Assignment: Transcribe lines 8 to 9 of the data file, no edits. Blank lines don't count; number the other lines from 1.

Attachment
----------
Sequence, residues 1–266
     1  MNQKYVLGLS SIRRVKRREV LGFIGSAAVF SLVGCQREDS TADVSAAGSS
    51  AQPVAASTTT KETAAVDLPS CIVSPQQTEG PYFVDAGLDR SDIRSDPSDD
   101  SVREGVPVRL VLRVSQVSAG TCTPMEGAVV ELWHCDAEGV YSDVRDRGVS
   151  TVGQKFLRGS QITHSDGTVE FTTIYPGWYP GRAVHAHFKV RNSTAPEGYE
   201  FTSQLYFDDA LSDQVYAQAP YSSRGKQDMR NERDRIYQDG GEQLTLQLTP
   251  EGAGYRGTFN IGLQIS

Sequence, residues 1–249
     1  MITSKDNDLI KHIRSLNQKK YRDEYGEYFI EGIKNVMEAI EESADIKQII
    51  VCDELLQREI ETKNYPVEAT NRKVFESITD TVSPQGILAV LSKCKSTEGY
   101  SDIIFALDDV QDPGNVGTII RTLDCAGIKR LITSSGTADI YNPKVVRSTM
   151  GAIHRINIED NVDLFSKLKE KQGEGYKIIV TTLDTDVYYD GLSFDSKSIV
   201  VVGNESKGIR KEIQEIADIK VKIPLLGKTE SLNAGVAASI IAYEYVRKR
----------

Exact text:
Sequence, residues 1–249
     1  MITSKDNDLI KHIRSLNQKK YRDEYGEYFI EGIKNVMEAI EESADIKQII